Hong Kong Med J 2011;17:317-24 | Number 4, August 2011
Enzyme replacement therapy for mucopolysaccharidosis VI (Maroteaux-Lamy syndrome): experience in Hong Kong
WM But, MY Wong, Jasmine CK Chow, Winnie KY Chan, WT Ko, SP Wu, ML Wong, TY Miu, WY Tse, Winnie WY Hung, TW Fan, CC Shek
Department of Paediatrics, Queen Elizabeth Hospital, 30 Gascoigne Road, Hong Kong
Mucopolysaccharidosis VI (Maroteaux-Lamy syndrome) is a very rare inherited lysosomal storage disease. We evaluated the efficacy and safety of weekly infusions of recombinant human arylsulfatase B as enzyme replacement therapy for two patients in whom this condition was advanced. The primary outcome variables were the distance walked in a 6-minute walk test, forced vital capacity, and ejection fraction. The secondary outcome variables were the number of stairs climbed in a 3-minute stair climbing test, joint mobility, urinary glycosaminoglycan excretion, auto-continuous positive airway pressure study and liver size. After 24 weeks of treatment, patient A walked 40 m (36%) and patient B walked 66 m (58%) more in the walk test than at baseline. After 48 weeks, in patient A the corresponding improvements were 142 m (129%) in the walk test and 33 stairs (60%) in the 3-minute stair climbing test, and in patient B the respective improvements were 198 m (174%) and 77 stairs (140%). There was a significant decline in urinary glycosaminoglycan excretion and improvement in range of motion of joints in both patients. The auto-continuous positive airway pressure study revealed improvements in patient A, while other efficacy variables remained static. There were no drug-related adverse events or allergic reactions reported during and after the infusions of recombinant human arylsulfatase B. Recombinant human arylsulfatase B significantly improves endurance and reduces urinary glycosaminoglycan excretion. The drug is generally safe and well tolerated.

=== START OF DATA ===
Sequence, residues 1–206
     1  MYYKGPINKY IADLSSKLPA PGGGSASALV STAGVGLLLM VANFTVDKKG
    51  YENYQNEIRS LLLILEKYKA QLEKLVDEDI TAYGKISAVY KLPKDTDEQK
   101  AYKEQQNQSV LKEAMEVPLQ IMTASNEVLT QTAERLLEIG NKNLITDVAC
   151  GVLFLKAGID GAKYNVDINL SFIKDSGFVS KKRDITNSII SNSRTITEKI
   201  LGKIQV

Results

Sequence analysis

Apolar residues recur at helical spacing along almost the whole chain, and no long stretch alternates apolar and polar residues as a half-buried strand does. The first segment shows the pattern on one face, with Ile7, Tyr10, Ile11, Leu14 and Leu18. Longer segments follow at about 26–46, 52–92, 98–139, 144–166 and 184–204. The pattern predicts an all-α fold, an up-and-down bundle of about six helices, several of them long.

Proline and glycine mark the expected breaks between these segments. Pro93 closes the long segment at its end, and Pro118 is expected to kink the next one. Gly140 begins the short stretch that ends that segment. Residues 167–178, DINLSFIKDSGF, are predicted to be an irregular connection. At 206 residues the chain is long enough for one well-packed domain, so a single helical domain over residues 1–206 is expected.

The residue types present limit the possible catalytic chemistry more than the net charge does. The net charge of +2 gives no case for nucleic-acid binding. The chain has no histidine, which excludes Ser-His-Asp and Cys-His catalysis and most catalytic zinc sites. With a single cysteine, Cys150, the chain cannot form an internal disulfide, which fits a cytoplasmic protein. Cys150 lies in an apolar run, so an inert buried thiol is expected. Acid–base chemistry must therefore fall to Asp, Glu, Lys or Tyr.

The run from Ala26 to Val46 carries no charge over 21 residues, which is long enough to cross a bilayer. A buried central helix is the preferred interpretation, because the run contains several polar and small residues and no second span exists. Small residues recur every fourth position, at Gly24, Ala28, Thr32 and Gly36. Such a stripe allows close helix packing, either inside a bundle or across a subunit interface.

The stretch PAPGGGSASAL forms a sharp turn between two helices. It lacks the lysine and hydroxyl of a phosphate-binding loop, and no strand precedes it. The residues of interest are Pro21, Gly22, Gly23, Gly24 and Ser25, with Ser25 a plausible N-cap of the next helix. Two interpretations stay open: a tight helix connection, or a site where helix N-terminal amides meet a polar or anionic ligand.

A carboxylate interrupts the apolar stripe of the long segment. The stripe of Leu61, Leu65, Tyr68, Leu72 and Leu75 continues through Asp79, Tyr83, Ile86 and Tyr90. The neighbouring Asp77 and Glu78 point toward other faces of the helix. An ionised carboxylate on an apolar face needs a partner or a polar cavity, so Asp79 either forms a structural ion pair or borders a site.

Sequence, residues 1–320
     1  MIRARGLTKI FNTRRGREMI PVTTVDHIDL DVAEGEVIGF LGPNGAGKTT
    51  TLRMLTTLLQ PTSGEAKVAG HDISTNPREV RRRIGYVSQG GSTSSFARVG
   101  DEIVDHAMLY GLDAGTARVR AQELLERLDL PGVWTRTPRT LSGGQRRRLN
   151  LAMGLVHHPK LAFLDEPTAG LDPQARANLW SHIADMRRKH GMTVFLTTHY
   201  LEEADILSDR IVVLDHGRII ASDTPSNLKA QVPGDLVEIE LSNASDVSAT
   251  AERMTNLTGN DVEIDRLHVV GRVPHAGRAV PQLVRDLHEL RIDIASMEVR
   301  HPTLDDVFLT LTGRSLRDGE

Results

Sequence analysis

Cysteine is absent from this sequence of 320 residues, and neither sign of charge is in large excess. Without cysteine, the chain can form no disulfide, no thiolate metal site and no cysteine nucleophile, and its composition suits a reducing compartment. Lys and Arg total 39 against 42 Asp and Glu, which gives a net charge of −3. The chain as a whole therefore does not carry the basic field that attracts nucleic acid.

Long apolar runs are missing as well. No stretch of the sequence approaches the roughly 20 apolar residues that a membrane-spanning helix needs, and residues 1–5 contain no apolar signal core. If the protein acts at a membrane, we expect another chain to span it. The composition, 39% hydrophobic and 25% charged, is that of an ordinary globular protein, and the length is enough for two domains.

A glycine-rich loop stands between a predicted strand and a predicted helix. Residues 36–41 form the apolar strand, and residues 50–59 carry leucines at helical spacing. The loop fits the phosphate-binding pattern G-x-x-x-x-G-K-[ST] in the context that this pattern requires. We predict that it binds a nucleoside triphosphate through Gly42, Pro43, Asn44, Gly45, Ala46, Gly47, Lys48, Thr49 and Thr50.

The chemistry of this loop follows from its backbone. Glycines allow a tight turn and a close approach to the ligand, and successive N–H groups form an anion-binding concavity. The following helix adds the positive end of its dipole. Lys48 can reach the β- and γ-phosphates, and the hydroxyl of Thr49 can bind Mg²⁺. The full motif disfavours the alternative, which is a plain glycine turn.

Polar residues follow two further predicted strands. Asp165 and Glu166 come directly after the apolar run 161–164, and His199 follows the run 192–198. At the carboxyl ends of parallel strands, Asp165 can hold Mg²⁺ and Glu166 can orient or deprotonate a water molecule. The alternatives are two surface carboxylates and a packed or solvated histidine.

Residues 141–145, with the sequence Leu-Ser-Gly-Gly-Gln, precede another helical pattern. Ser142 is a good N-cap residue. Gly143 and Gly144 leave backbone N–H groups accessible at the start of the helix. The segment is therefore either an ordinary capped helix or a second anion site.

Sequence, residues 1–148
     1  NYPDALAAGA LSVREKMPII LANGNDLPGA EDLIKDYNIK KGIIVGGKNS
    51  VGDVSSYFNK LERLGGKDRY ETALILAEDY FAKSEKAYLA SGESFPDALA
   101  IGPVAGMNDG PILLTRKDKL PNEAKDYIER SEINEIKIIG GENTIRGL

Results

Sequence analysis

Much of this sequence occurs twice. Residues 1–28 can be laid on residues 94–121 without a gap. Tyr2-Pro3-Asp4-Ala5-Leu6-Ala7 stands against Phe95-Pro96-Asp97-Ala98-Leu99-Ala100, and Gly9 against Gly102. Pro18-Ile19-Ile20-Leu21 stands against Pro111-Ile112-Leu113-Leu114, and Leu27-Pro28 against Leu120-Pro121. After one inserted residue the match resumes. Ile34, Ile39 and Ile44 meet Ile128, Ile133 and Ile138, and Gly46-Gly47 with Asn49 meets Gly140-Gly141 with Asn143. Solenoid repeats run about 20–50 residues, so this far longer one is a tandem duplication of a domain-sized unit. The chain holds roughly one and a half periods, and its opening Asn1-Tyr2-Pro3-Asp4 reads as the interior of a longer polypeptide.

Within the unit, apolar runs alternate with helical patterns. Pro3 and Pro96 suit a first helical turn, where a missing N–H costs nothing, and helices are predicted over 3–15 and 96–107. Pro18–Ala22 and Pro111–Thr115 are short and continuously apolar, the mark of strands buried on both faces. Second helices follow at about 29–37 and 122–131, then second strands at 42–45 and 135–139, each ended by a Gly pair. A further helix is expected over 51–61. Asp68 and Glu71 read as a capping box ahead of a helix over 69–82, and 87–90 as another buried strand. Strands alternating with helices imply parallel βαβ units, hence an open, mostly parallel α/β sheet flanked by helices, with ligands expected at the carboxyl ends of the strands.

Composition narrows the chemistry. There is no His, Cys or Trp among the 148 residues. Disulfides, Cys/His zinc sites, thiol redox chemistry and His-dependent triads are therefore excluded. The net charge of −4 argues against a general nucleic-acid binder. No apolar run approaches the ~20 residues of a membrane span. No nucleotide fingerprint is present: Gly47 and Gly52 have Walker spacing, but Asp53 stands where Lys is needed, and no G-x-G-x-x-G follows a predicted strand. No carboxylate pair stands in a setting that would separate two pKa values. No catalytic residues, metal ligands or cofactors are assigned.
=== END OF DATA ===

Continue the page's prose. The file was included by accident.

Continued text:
Key words: Enzyme replacement therapy; Mucopolysaccharidosis VI; N-acetylgalactosamine-4-sulfatase; Recombinant proteins; Walking
View this abstract indexed in MEDLINE: